Wheeling and walking to school brings more than physical health, it also builds resilience, providing kids with vital personal development that their studies in class can’t deliver. Simon Vincett investigates.
“Tomorrow we’ll all go to the island with you. See? The whole lot of us. Why shouldn’t we? Your mother said we could spend a week there anyway…We shall enjoy ourselves and have a marvellous time.” Five run away together Enid Blyton
Go Julian, George, Dick and Anne (and Timmy the dog)! Rather than endure the tyranny of a cruel housekeeper left to look after them, they escape to freedom. The independence and daring of the Famous Five are still inspiring children to adventure nearly 100 years after the first stories were published.
Without mentioning the word once in 21 books about them, Enid Blyton’s characters epitomise resilience. Through one exciting situation after the next Blyton shows children being resourceful, coping and working together in a way that is enthralling for kids.
Any parent can attest that kids hunger for challenges and excitement. Even the iPad is put aside for the chance to paddle their own canoe; an Xbox doesn’t deliver extreme thrills like scrambling over precipitous boulders; Minecraft just can’t bring the exhilaration of swooping through the bush on a mountain bike.
While adventure opportunities abound on holidays by the sea and camping in a National Park, there are plenty at home in everyday life as well. Kids’ rampant imaginations make any outing an adventure. Walking or wheeling to school, for instance, is never directly along the footpath by the shortest route but instead over as many bumps as possible and with myriad diversions to investigate the minutiae on display.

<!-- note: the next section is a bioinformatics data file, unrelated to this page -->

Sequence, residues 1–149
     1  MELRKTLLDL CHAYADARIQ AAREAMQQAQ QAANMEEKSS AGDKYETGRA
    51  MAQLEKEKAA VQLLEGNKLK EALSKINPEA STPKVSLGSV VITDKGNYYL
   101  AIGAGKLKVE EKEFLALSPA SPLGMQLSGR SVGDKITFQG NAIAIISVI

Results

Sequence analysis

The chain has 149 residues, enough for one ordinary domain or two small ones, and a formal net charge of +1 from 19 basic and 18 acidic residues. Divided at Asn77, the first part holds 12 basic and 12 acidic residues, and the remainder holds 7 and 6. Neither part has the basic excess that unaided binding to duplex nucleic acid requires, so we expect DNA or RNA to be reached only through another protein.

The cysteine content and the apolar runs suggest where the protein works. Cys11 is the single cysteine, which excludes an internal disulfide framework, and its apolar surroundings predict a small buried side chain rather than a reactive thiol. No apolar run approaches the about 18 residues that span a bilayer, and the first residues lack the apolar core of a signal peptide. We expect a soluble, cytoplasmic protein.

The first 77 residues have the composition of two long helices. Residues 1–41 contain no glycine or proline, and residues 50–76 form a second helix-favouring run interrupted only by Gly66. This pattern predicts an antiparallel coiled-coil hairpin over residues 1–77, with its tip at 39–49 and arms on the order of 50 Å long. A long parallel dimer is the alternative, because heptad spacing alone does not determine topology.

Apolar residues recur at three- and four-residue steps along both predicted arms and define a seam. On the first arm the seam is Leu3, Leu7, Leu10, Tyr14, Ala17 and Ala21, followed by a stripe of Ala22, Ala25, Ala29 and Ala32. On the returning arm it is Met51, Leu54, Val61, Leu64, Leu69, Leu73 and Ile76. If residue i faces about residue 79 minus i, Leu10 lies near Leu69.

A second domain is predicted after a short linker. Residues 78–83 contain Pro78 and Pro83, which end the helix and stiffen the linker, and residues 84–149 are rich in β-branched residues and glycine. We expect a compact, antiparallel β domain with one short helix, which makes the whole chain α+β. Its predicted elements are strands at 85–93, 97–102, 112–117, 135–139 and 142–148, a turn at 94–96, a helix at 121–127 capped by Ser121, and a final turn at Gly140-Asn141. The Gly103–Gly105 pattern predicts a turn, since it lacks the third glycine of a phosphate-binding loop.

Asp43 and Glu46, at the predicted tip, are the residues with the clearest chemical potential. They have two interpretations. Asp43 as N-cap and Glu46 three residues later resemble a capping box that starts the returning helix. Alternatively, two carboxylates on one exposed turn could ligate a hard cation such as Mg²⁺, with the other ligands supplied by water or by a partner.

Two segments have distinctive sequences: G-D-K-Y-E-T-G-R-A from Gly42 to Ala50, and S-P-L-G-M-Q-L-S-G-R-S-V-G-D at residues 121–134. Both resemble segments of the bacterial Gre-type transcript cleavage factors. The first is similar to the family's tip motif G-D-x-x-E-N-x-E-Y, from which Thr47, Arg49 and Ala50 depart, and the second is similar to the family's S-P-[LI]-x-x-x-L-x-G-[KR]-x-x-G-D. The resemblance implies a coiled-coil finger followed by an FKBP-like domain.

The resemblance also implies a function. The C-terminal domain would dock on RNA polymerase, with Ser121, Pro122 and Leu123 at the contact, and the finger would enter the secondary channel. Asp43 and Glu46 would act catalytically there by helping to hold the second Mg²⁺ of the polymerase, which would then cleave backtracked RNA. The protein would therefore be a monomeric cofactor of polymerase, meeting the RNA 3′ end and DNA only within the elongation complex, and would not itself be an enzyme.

This drive to explore, engage with their world and to test their abilities is innate in kids. It’s the natural process of developing the physical, cognitive, social and emotional capacities that comprise their individual whole self. They’re on the journey to becoming independent capable beings in their own rights and the job of their community is to support them in this development.
However, signs are multiplying that Australian kids are not being allowed sufficient opportunity to learn independence and autonomy. A study commissioned by VicHealth and led by researchers from La Trobe University set out to identify the barriers to independent physical activity for kids.
The Beyond the bubble-wrap report from the research gives the overview: “Many people think that today’s parents are too worried about their children’s safety and aren’t giving their children opportunities for healthy growth and development. Commentators use terms such as ‘helicopter parenting’, ‘cotton-wool kids’ and ‘bubble-wrapping children’ to describe this situation. Overly fearful parenting has been suggested as contributing, among other things, to declining levels of independent physical activity in children and high rates of childhood obesity.”